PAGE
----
Visual, Somatosensory and Motor Evoked Potentials 234
2-35 Electroneurodiagnostic Tests
The Hoffmann’s Reflex (H-Reflex ) 236
2-36 Study of Human Fatigue Mosso’s Ergograph and Hand-Grip Dynamometer 237
2-37 Autonomic Nervous System (ANS) Tests
(Autonomic Function Tests; AFTs) 240
Unit V: Reproductive System
2-38 Semen Analysis 245
2-39 Pregnancy Diagnostic Tests 248
2-40 Birth Control Methods 250
SECTION THREE: CLINICAL EXAMINATION
3-1 Outline for History Taking and General Physical Examination 255
3-2 Clinical Examination of the Respiratory System 258
3-3 Clinical Examination of the Cardiovascular System 263
3-4 Clinical Examination of the Gastrointestinal Tract (GIT) and Abdomen 272
3-5 Clinical Examination of the Nervous System 276
SECTION FOUR: EXPERIMENTAL PHYSIOLOGY
(AMPHIBIAN AND MAMMALIAN EXPERIMENTS)
4-1 Study of Apparatus 310
4-2 Dissection of Gastrocnemius Muscle-Sciatic Nerve Preparation 316
4-3 Simple Muscle Twitch (Effect of a Single Stimulus) 317
4-4 Effect of Changing the Strength of Stimulus 322
4-5 Effect of Temperature on Muscle Contraction 324
4-6 Velocity of Nerve Impulse 326
4-7 Effect of Two Successive Stimuli 327
4-8 Genesis of Tetanus (Effect of Many Successive Stimuli) 329
4-9 Phenomenon of Fatigue and its Site (Effect of Continued Stimulation) 331
4-10 Effect of Load and Length on Muscle Contraction (Free- and After-Loading) 332
4-11 Exposure of Frog’s Heart and Normal Cardiogram 335
4-12 Effect of Temperature on Frog’s Heart 337
4-13 Effect of Adrenalin, Acetylcholine and Atropine on Heart 337
4-14 Effect of Stimulation of Vagosympathetic Trunk and Crescent;
Vagal Escape; Effect of Nicotine and Atropine 339
4-15 Properties of Cardiac Muscle (Stannius Ligatures) 341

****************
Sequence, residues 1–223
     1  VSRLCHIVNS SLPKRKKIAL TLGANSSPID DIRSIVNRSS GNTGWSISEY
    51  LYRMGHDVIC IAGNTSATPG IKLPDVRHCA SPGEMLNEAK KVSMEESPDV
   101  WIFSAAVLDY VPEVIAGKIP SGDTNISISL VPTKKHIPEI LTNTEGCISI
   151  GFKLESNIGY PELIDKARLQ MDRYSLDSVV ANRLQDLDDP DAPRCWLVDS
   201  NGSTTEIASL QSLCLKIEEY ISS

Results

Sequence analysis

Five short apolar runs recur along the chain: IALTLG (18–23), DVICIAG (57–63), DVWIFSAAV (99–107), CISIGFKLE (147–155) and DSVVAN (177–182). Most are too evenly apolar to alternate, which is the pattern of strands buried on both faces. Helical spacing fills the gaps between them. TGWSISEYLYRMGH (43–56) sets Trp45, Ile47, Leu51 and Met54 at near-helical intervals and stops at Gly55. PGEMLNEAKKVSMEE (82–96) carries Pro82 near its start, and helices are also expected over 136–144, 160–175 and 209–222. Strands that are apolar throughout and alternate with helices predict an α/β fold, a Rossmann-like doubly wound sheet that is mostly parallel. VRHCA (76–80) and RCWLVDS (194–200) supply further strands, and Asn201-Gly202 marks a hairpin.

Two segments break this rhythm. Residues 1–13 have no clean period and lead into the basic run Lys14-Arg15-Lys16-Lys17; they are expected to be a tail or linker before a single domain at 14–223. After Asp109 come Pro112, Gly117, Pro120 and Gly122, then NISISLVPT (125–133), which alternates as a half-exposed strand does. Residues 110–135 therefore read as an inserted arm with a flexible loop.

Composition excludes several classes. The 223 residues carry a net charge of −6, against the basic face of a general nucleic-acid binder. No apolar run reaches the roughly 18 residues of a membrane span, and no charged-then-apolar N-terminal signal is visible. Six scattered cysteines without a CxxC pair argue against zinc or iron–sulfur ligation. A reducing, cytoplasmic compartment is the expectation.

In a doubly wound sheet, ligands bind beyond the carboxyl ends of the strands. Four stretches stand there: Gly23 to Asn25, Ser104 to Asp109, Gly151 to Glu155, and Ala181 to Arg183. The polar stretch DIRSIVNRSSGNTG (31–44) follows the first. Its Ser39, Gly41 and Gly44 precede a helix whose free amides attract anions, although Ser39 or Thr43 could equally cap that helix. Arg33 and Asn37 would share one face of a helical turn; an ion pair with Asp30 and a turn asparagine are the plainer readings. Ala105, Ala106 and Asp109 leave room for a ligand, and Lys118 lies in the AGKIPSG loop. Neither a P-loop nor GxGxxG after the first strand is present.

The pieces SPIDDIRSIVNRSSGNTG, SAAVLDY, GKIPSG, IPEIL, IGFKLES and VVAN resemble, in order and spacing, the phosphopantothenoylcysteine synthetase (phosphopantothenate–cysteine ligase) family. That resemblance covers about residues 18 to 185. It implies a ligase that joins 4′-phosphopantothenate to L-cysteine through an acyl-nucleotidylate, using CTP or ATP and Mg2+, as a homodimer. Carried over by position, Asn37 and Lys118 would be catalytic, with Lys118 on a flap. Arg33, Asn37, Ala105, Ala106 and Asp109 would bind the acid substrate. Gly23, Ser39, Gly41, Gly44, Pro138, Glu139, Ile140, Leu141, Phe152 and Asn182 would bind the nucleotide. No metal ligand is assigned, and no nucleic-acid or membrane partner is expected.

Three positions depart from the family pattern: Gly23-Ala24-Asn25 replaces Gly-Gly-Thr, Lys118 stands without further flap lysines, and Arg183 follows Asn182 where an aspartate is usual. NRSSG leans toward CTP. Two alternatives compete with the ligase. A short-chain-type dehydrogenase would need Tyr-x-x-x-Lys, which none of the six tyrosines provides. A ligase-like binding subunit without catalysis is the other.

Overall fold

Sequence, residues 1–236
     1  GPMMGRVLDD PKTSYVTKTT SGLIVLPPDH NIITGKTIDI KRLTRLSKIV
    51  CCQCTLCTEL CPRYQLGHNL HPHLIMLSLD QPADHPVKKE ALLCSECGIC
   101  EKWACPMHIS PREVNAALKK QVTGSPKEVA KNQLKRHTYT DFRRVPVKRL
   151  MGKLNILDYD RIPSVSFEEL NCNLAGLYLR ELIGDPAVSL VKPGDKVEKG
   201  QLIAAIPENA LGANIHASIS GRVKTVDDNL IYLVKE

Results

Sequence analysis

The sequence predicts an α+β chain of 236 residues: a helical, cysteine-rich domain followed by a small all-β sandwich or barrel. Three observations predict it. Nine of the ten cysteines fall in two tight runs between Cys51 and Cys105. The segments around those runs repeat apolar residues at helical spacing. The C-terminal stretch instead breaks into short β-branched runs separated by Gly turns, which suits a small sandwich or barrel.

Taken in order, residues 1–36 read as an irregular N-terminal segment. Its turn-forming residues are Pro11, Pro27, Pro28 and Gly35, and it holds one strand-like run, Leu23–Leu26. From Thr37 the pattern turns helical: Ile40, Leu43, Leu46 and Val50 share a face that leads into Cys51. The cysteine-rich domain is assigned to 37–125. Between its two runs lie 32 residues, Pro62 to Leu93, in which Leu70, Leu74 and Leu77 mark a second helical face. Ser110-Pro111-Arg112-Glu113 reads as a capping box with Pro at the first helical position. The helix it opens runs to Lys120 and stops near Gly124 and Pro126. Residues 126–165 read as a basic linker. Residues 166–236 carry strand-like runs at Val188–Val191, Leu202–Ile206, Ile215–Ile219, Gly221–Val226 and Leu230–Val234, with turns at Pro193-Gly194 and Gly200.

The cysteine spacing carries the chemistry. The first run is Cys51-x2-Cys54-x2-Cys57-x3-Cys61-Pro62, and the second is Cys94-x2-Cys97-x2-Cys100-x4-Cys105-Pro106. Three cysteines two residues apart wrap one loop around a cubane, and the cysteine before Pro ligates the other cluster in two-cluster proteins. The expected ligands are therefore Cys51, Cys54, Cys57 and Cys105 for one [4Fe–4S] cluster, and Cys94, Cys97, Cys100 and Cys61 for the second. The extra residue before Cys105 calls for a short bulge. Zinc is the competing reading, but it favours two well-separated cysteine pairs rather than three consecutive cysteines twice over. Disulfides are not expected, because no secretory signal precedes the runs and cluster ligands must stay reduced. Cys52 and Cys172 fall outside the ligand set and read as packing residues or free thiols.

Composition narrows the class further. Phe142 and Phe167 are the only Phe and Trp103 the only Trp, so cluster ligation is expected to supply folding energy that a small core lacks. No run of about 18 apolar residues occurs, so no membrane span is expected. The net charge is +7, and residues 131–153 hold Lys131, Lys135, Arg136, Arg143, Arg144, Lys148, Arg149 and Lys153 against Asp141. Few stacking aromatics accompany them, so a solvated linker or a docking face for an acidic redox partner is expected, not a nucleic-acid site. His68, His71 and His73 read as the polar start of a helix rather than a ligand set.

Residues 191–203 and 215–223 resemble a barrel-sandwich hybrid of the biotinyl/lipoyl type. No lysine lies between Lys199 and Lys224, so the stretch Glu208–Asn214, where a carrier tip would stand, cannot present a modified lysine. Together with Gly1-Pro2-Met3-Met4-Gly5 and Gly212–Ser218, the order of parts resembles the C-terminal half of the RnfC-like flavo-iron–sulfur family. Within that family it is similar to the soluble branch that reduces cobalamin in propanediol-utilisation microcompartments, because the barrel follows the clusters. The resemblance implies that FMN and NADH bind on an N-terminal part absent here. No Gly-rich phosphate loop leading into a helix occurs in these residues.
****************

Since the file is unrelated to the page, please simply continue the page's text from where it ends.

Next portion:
4-16 Perfusion of Isolated Heart of Frog 343
4-17 Study of Reflexes in Spinal and Decerebrate Frogs 344
4-18 Experiments on Anesthetized Dog 345
SECTION FIVE: CHARTS
5-1 Jugular Venous Pulse Tracing 349
5-2 Cardiac Cycle 351
5-3 Oxygen Dissociation Curve 353
5-4 Strength-duration Curve 356
5-5 Action Potential in a Large, Myelinated Nerve Fiber 357
5-6 Action Potentials in Cardiac Muscle Fibers 360
5-7 Dye Dilution Curve 361
5-8 Oral Glucose Tolerance Test (OGTT) 364
SECTION SIX: CALCULATIONS
Calculations 369
Appendix 375
Index 379

Preface to the Eighth Edition
The first edition of this book was published over 25 years ago. During this period of evolution, the growth and development of the book has been an on-going process depending, as it does, on the feedback received from many teachers and students. They have been generous in their appreciation as well as in their criticism. I have tried to incorporate many of their suggestions in the present edition. I owe them my thanks and hope that I will continue to receive such help in the future as well.

The material included in this book conforms to the syllabi and courses laid down by the Medical and Dental Councils of India from time-to-time, courses that are mandatory and are followed by all colleges.

The 8th Edition has been extensively revised and updated by incorporating the latest concepts and developments in the subject. Figures and text that were not found to be helpful have been deleted/replaced and over twenty-five new Figures/Diagrams have been added.